• Expression of the gene comes from the synthesis of proteins, the so-called “coding region” of the gene.
    • “Interaction map” is a function that receives two genes and returns the interaction between them.
    • Interactions have variable length.
  • When a suitable topology is already known, it's better to use simpler representations.
  • Dynamic neural networks are hard to train and evolutionary algorithms have been used for this with success.
  • Continuous-time recurrent neural networks (CTRNN): represents the neural network as a set of differential equations. One of the most simple and widely used dynamic models.
  • Spiking neuron models: in biological neurons, the number of spikes, or neurons received, is proportional to the activation. It is used for decreasing the use of computational resources. It is implemented similarly to CTRNN, replacing the output function for a comparison with the threshold value. When the activation is higher than the threshold, a spike is emitted. Research suggests that this is a useful model for tasks with memory dependent dynamics, resulting in less complex solutions.
  • It is possible to combine evolutionary algorithms with other searching methods. Since backpropagation is sensitive to initial weight values, one can use evolution to come up with an ideal starting point. Better initial values may result in faster and better training, by two orders of magnitude.
  • Lamarckian evolution – characters acquired through learning are coded back into the genotype – is more effective than Darwinian – are not coded back – in environments where input-output mapping does not change over time. When they change, Darwinian outperform Lamarckian.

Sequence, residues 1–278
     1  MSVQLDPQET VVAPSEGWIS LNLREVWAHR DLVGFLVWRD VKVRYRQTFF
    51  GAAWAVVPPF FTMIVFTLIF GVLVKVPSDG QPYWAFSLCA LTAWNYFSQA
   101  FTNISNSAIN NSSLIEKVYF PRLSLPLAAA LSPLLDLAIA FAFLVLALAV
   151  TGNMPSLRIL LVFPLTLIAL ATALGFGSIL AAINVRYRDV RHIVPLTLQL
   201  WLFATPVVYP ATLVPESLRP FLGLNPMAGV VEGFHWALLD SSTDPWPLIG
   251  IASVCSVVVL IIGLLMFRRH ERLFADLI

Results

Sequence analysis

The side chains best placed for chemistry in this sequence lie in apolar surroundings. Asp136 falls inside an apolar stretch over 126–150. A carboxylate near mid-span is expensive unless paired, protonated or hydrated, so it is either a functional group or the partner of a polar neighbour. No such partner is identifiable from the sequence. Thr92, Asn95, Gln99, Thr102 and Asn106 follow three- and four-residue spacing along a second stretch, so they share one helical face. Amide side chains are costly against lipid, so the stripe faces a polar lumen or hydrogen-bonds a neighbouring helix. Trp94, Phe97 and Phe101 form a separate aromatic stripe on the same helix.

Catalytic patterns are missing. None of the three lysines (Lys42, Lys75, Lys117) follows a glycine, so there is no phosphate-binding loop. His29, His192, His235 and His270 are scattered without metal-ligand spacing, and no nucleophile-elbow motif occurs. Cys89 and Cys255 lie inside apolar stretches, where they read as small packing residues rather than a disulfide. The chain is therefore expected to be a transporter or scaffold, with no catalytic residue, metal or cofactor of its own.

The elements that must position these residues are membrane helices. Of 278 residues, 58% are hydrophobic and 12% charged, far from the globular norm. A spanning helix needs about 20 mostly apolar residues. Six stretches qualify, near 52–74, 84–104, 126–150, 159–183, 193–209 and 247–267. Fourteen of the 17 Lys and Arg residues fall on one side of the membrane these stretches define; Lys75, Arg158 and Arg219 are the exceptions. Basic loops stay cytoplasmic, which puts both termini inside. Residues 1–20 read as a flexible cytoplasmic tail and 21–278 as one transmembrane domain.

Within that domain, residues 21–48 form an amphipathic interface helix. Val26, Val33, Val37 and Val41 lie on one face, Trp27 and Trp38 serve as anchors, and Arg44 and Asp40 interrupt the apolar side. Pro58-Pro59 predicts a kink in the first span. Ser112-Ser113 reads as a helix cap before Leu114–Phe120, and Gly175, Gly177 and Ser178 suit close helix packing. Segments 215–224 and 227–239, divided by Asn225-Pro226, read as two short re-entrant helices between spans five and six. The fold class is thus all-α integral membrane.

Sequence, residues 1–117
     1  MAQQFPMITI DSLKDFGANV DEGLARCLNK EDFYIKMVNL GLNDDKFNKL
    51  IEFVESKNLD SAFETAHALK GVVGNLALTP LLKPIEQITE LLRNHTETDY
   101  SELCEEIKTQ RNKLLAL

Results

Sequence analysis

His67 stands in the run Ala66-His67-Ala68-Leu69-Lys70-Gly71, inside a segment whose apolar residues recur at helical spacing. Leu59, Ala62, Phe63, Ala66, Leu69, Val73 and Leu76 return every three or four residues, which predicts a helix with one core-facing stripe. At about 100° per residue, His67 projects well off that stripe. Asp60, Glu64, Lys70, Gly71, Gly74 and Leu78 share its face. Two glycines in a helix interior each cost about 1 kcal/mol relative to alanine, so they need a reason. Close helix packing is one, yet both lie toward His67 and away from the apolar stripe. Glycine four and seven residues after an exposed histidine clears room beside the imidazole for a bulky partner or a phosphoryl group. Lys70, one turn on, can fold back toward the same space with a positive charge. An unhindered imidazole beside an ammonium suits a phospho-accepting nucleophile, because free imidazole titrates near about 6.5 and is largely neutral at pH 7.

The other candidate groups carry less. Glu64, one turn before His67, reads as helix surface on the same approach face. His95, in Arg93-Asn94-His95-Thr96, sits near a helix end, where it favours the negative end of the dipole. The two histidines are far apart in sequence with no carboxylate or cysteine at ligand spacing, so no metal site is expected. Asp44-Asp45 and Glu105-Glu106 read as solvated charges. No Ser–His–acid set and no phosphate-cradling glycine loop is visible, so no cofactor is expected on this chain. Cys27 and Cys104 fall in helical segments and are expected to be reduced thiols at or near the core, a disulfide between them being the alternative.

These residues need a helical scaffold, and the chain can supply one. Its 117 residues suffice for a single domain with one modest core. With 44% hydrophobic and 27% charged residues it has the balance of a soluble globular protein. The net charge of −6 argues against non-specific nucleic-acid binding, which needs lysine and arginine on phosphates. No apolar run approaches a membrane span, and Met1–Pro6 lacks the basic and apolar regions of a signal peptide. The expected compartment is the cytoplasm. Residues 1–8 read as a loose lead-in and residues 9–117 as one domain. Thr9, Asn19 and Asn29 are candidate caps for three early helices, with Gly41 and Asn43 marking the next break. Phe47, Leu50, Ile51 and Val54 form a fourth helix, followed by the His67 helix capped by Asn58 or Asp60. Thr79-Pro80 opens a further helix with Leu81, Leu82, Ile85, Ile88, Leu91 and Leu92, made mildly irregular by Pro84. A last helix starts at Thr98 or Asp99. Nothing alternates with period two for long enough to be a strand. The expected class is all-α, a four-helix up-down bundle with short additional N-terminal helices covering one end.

• Reinforcement learning: a class of algorithms that seeks to estimate the value of each state so it can favor actions generating a higher reward. The biological system responsible for this is yet to be fully understood.
  • The actor-critic model: the critic module receives information on the current reinforcement value, external, outputting an estimate of the weighted sum of future rewards. The actor module, on the other end, is the probability of executing a set of actions. Finding the optimal structure, by default, depends a lot on the human designing the model.
  • GasNets emulate the behavior of gases. Neurons are distributed in a 2D space, emitting “gases” that will represent the network connectivity and activation functions.
  • In contrary to many other learning methods, neuroevolution require weaker constraints from the problem.

Thoughts

  • An extensive research showing how evolutionary algorithms may stand as a smarter alternative to Grid Search.
  • With 91 references, it should be expected to cover many different research and topics inside the Neuroevolution subject. It is hard to grasp everything on the first read, but it seems to be a useful reference when I want to return to the subject and go deeper in any of the topics.
  • Methods such as those using developmental representations look very similar to how a human brain works, with other existing structures. Allows for a network to connect to another, more specialized in the task it needs to perform for specific cases.
  • I am not sure why, if it's because it's a reflection of the writing or just the complexity of this approach, but the explanation for the developmental representation – a little of implicit encoding, too – seems not to be enough. References should have better descriptions of these methods.